Reproductive justice for Black, Indigenous, Women of Color: Uprooting race and colonialism

Yolanda Suarez-Balcazar*, Sara Buckingham, Dana B. Rusch, Alissa Charvonia, Rebecca Ipiaqruk Young, Rhonda K. Lewis, Rebecca E. Ford-Paz, Tara G. Mehta, Carolina Meza Perez

*Corresponding author for this work

Research output: Contribution to journalArticlepeer-review


Historically, atrocities against Black, Indigenous, and Women of Color's (BIWoC) reproductive rights have been committed and continue to take place in contemporary society. The atrocities against BIWoC have been fueled by White supremacy ideology of the “desirable race” and colonial views toward controlling poverty and population growth, particularly that of “undesirable” races and ethnicities. Grounded in Critical Race Theory, this paper aims to provide a critical analysis of historical and contemporary violations of BIWoC reproductive rights; discuss interventions based on empowerment and advocacy principles designed to promote women's reproductive justice; and discuss implications for future research, action, and policy from the lenses of Critical Race Theory and Community Psychology. This paper contributes to the special issue by critically analyzing historical and contemporary racism and colonialism against BIWoC, discussing implications for future research and practice, and making policy recommendations.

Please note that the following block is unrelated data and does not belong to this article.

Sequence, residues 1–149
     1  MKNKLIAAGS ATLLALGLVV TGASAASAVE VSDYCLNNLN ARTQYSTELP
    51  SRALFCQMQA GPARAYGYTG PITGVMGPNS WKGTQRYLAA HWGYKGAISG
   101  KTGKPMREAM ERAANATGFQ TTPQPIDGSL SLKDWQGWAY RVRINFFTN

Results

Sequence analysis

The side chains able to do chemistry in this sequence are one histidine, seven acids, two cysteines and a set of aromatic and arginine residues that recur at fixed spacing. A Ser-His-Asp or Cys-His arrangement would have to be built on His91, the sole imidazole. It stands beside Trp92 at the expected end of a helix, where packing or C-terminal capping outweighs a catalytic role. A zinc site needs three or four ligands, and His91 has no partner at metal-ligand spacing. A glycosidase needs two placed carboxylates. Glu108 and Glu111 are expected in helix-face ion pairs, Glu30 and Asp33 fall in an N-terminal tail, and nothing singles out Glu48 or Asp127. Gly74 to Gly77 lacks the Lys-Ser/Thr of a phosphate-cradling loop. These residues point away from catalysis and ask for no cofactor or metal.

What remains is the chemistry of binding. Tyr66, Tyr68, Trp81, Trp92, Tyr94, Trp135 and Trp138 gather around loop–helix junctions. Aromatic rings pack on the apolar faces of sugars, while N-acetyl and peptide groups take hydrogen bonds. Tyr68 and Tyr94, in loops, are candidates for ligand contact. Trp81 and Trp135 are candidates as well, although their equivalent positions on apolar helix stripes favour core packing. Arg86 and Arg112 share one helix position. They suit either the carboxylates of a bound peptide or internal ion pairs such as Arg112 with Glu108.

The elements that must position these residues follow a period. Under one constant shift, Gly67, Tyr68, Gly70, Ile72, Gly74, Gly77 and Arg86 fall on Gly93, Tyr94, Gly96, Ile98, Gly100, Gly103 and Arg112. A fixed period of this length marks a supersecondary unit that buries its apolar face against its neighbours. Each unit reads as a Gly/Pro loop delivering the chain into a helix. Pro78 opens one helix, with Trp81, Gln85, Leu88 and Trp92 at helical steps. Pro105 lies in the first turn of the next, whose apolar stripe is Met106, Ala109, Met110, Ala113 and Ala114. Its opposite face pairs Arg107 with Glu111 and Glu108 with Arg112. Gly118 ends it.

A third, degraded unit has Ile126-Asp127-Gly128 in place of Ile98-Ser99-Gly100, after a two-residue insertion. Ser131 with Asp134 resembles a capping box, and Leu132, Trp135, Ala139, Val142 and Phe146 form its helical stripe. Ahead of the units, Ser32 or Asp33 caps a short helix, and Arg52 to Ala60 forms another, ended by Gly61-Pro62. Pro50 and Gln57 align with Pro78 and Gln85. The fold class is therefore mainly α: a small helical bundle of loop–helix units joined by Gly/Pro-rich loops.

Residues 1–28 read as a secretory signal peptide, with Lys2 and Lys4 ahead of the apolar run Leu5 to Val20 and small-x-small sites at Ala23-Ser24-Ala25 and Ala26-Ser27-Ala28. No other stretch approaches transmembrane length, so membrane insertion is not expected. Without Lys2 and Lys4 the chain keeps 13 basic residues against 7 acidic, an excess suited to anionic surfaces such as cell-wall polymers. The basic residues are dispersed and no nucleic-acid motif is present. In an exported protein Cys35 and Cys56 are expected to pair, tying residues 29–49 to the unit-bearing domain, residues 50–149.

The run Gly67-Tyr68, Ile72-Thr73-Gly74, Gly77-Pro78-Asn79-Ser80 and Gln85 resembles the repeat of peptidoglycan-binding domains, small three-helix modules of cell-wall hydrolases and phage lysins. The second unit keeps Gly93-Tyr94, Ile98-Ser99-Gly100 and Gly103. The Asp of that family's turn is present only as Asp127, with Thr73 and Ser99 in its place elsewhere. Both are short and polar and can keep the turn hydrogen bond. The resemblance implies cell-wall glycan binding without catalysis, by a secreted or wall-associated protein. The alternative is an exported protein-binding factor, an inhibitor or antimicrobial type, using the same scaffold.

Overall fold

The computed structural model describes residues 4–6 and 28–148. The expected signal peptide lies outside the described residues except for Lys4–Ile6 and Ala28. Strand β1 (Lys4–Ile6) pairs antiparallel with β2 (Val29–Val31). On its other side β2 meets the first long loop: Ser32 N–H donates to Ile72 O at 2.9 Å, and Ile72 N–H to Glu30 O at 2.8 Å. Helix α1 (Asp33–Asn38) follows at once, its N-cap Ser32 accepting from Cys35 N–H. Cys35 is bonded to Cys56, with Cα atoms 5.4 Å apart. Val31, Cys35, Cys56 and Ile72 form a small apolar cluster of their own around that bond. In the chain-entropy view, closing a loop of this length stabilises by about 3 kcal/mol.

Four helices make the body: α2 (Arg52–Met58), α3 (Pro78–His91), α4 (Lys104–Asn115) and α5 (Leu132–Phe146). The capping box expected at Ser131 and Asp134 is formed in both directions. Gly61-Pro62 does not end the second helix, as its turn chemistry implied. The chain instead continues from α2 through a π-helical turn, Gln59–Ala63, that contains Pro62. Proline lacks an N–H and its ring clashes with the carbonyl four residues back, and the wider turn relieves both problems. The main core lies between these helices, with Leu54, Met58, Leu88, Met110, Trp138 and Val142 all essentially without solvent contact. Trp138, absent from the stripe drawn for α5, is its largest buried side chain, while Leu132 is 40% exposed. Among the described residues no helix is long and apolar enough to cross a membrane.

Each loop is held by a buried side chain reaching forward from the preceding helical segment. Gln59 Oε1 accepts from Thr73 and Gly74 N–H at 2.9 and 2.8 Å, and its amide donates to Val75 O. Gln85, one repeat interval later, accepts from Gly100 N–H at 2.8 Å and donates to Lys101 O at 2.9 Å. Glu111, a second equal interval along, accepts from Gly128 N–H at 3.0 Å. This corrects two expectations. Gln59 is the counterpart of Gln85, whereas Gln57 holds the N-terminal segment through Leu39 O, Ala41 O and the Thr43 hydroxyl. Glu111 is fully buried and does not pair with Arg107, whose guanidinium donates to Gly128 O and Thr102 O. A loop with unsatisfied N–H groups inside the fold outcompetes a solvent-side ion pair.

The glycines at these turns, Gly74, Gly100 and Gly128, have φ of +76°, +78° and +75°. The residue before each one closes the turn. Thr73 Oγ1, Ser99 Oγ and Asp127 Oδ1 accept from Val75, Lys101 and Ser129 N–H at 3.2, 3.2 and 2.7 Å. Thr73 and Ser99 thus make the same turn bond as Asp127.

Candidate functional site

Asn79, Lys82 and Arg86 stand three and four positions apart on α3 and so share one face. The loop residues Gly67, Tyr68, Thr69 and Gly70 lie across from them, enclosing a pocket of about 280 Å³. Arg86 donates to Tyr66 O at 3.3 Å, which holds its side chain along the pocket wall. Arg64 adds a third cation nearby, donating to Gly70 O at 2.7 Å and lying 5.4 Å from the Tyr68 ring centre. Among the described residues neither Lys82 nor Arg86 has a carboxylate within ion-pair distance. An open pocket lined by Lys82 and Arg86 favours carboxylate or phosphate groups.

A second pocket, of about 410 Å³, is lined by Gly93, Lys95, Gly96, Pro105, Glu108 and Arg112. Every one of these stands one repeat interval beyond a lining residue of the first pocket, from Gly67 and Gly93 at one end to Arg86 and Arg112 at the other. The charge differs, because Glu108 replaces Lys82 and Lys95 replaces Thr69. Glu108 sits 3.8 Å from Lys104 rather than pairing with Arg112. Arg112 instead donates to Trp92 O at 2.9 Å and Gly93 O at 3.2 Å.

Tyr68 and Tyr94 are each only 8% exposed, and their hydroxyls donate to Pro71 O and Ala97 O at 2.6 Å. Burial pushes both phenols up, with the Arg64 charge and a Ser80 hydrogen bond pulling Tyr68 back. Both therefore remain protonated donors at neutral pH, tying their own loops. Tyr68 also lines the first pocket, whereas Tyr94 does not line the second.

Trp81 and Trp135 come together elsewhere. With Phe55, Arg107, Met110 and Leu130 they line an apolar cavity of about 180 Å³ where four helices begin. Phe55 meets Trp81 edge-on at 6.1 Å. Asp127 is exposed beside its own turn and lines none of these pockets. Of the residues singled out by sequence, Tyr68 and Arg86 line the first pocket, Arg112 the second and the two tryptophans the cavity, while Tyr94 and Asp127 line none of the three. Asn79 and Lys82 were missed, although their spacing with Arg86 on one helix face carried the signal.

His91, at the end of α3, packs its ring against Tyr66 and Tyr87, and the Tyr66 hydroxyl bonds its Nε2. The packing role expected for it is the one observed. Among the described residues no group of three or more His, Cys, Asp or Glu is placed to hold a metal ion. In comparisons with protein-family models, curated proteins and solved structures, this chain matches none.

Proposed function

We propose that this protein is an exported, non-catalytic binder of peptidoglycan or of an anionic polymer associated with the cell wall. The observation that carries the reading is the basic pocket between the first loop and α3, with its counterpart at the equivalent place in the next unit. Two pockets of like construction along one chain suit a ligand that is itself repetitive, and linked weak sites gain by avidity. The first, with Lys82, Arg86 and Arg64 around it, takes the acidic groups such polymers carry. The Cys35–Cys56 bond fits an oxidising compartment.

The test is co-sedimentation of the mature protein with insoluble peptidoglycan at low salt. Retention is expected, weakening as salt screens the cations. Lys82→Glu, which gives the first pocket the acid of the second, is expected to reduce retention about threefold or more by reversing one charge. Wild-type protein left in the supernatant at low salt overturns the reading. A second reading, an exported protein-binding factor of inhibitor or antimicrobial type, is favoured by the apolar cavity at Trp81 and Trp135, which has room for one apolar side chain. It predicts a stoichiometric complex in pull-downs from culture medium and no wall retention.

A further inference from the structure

Original languageEnglish (US)
JournalAmerican Journal of Community Psychology
StateAccepted/In press - 2023


  • Black
  • Critical Race Theory
  • empowerment and advocacy interventions
  • Indigenous
  • reproductive justice
  • Women of Color

ASJC Scopus subject areas

  • Health(social science)
  • Applied Psychology
  • Public Health, Environmental and Occupational Health


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